A collection (a ZIP file, 29MB) of exam problems on
organic chemistry synthesis
(updated July 20, 2017, initially posted on September 21st, 2016).
They are formulated in the basic STRIPS fragment of PDDL with types that is
extended with negation of equality. The organic synthesis problem
requires finding a sequence of reactions that can produce the target molecule from
a given set of initial molecules. Most of these problems are taken from the past undergraduate
organic chemistry exams offered at the MIT (Massachusetts Institute of Technology).
This set of exam problems is distributed as a benchmark to encourage development of
new efficient Artificial Intelligence planners that can compete with humans solving
the organic synthesis problem. The Planning Domain Definition Language (PDDL) is
a computer language developed for international planning competitions. This benchmark and
its provenance are described in the SPARK-2016 and GCAI-2015 papers linked below.
Please cite these papers if you publish your research related to this benchmark.
The GCAI-2015 paper mentions a different formulation with the PDDL derived
predicates (axioms), but the PDDL domain in the linked ZIP file does not use them,
for simplicity. (Warning: you may need to introduce the :negated-preconditions
requirement to the :requirements list to make sure your planner can properly process
this domain file.)
This benchmark was part of the domain submission that received the
Outstanding Domain Submission Award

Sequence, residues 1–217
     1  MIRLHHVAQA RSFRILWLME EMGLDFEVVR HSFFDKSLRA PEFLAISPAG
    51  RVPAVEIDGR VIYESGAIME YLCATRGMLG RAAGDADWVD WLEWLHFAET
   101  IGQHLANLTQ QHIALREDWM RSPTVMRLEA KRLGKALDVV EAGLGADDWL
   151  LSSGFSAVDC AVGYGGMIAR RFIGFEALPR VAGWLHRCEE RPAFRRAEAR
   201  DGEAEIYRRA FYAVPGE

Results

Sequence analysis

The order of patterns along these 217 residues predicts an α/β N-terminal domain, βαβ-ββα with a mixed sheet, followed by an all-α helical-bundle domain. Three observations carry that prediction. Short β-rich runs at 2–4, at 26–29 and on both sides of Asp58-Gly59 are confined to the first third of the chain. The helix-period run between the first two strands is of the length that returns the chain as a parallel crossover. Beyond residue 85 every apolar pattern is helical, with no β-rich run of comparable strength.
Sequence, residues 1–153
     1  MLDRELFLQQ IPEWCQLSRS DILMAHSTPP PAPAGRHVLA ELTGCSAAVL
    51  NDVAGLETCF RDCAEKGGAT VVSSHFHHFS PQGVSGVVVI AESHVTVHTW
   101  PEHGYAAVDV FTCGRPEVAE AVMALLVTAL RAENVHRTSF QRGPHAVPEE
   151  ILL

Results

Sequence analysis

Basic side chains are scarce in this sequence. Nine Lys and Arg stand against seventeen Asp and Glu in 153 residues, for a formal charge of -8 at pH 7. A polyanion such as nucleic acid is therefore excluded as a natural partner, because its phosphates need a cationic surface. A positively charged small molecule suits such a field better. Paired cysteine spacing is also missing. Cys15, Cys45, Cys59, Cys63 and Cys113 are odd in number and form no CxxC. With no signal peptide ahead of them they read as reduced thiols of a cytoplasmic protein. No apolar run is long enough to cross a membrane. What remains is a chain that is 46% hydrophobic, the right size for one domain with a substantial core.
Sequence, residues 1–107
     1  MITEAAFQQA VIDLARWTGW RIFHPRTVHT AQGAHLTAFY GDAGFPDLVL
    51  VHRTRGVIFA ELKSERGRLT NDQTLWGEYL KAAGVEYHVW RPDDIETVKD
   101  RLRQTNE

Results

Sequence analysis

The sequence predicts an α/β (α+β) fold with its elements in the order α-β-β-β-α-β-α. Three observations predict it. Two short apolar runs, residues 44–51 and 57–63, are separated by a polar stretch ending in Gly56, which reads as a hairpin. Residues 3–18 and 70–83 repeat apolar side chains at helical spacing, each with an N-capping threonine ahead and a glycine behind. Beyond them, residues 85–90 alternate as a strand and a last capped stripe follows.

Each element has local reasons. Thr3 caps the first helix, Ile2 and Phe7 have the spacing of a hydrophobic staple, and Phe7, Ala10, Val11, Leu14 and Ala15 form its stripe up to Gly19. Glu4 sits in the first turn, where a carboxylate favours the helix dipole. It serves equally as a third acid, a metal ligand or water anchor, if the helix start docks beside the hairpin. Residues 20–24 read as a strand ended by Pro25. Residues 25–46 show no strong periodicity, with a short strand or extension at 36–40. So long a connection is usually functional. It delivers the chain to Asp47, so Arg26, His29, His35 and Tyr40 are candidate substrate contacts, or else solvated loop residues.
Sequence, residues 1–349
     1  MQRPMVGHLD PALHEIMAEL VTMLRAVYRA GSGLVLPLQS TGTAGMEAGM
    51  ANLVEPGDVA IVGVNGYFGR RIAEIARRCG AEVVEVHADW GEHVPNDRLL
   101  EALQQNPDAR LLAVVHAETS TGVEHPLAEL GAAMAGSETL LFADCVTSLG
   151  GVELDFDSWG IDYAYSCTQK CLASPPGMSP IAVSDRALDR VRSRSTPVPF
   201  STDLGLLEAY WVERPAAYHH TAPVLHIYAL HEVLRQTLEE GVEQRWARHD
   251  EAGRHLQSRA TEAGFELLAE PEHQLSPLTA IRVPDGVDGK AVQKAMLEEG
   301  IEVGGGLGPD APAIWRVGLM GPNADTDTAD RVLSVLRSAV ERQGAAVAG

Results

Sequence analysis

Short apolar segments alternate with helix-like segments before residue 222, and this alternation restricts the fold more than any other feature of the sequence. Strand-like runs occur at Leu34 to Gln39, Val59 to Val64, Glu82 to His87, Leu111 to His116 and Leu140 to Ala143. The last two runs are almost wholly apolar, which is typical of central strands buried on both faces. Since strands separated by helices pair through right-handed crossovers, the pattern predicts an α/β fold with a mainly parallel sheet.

(scroll to the bottom of the Web page)
awarded by the Organizers of the 2018 International Planning Competition to Hadi Qovaizi,
Arman Masoumi, Anne Johnson, Russell Viirre, Andrew McWilliams, and Mikhail Soutchanski
(Faculty of Science, Ryerson University).
The results were presented at the 28th International Conference on
Automated Planning and Scheduling on Friday, June 29 in Delft, Netherlands.
The 2018 International Planning Competition included a set of
planning problems related to alkene reactions.
This set of problems was designed by
Dr. Russell Viirre
(Dept of Chemistry, Ryerson University, Toronto). It includes exercises related
to Markovnikov's rule that can be challenging for undergraduate Chemistry students.
Hadi Qovaizi converted
this set of exercises into PDDL as part of his Master's thesis research.
Hadi was the only CS person who contributed to this Alkene project.
If you use this PDDL code for your research please acknowledge both
Dr. Russell Viirre and Hadi Qovaizi. This work is licensed under a
Creative Commons Attribution, NonCommercial, ShareAlike 3.0 Unported License.